Soggy bottom alert: Want to have your cake judged by Mary Berry?

Food File: Luxury jams, summer lobster and Vish Sumputh moves to Luna

Mary Berry is coming to the National Ploughing Championships and you could be joining her there for afternoon tea. Photograph:  Georgia Glynn Smith

Mary Berry is coming to the National Ploughing Championships and you could be joining her there for afternoon tea. Photograph: Georgia Glynn Smith

 

Are you brave enough to bake for Mary Berry? The TV star and cookbook author will be a guest of the National Dairy Council (NDC) at the National Ploughing Championships in Tullamore on September 18th-20th, and three Irish bakers will be presenting their baked goods for her assessment.

The three will be chosen on the basis of recipes submitted to the NDC, for sweet or savoury items suitable for afternoon tea, which must contain dairy. The submissions will be judged by The Irish Times food writer Lilly Higgins, Chandima Gamage, head pastry chef at Dromoland Castle, and Ciara Leahy of the Irish Farmers Journal.

Here is the advice Berry offers to contestants: “It must be the very best of Irish dairy produce and the best of its type, whether that’s a quiche, tart or cake. We don’t want to see curdled custard or separated filling, the pastry must be beautifully done, it has to have great flavour and be beautifully presented. No soggy bottoms.”

All three winners will get to serve their creation to the queen of baking, and to enjoy afternoon tea with her. They will also win €300 vouchers for Ballymaloe Cookery School.

“I am looking forward most to meeting people and food producers and tasting some good Irish food. Irish stew is one of my favourite dinners, even better with a chunk of soda bread. My mother used to make it when I was young and I still make it for my children and grandchildren,” Berry says.

Entries, which must include ingredients, method, cooking time and a photograph, will be accepted until 5pm on August 10th. They can be emailed to competitions@ndc.ie or posted to Dairy Competition, The National Dairy Council, The Studio, 55c Maple Avenue, Stillorgan, Co Dublin.

Wexford man Michael Donnelly who makes Butterfly and the Bee artisan jams in London
Wexford man Michael Donnelly who makes Butterfly and the Bee artisan jams in London

Jammy news

Luxury jams made by an Irishman in London are being served at the Dorchester hotel in London. Claude Bosi, the French chef who has two Michelin stars at Bibendum, also serves them, in strawberry and apricot, and vanilla varieties, on the afternoon tea menu at Bibendum.

The brand, Butterfly and the Bee, is the brainchild of Michael Donnelly, originally from Wexford town where his mother Diana runs a well-known fashion shop. He trained in hotel management at Les Roches in Switzerland, and has worked in London at the Hempel Hotel and the Carlton Tower, but is now concentrating on his confiture business.

The jams are made in small batches in traditional French copper pans, and come in unusual varieties such as strawberry, basil and lime, raspberry and lemon verbena, and apricot and amaretto. The marmalade selection includes one made with oranges and Glendalough whiskey.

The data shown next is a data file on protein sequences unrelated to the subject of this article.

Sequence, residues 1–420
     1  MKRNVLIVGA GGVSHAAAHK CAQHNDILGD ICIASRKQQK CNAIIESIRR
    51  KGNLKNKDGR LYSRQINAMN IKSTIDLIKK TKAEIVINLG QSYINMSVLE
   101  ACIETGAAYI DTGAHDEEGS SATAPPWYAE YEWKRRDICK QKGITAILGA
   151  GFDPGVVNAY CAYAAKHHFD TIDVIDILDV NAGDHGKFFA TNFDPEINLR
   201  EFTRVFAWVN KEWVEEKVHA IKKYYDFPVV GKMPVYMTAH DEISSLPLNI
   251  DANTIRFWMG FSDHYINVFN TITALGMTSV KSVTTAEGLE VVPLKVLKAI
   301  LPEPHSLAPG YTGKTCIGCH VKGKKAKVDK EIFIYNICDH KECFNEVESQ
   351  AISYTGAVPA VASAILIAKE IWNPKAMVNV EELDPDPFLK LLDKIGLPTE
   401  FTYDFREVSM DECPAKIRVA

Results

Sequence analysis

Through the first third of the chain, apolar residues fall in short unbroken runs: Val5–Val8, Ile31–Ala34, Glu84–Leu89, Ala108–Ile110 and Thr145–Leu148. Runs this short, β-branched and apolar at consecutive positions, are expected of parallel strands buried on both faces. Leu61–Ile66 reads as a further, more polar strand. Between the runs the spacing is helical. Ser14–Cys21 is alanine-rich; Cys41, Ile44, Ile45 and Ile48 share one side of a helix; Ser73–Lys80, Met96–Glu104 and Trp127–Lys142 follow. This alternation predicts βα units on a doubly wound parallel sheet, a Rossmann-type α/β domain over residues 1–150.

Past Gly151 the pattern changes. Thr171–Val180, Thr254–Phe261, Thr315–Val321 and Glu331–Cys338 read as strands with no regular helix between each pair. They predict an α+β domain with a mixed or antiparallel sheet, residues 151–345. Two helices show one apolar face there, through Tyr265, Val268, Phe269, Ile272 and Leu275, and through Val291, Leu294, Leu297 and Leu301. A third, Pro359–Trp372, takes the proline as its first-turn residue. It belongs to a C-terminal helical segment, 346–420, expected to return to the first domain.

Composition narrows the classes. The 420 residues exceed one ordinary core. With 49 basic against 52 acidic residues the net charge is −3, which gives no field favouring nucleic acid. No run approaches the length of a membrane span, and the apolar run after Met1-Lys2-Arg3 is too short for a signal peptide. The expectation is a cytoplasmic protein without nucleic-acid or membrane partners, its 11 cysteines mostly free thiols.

Butterfly and the Bee jams and marmalades are now available in 12 varieties at Fallon & Byrne, Exchequer Street and Rathmines, Dublin (€7.95)

Poached lobster tail on crab salad with couregtte fritter, on the summer lobster menu at Suesey Street
Poached lobster tail on crab salad with couregtte fritter, on the summer lobster menu at Suesey Street

Pots of lobster

A lobster menu and a sunny terrace sound like the essence of summer, and both are on offer – weather permitting – at Suesey Street in Dublin 2 until the end of August. Head chef Richard Stearn has created four new lobster dishes that are additions to the lunch and dinner menus.

Lobster and leek mornay, and breaded lobster claw with peas, pea jus, pickled samphire and olive oil are the starters on offer. For the main course, there is a choice of half or whole grilled lobster with basil and saffron emulsion, triple cooked chips, pickled fennel and orange salad, or butter poached lobster tail with crab, beetroot, carrot, turnip and green bean mayonnaise salad with courgette fritters.

The lobster menu is costed according to that day’s market price for the shellfish, but the starters have been running at around €15 and the main courses €33/€35.

Vish Sumputh is the new head chef at Luna in Dublin 2. Photograph: Alan Rowlette
Vish Sumputh is the new head chef at Luna in Dublin 2. Photograph: Alan Rowlette

New phase at Luna

Following the departure of Hugh Higgins to pastures new (he is joining formerly London-based Irish chef Niall Davidson of Nuala restaurant in a new venture on South Frederick Street), Luna, the glamorous subterranean New York Italian restaurant, has a new head chef.

Mauritian-born Vish Sumputh, formerly sous chef at Chapter One, has moved into the Drury Street kitchen. Sumputh will be adding his own dishes to the menu at Luna, but one crowd-pleaser at least looks set to remain. “The spaghetti al tartufo was the first dish I tasted here and was so perfect that it convinced me that Luna was the dining style for me,” he says.

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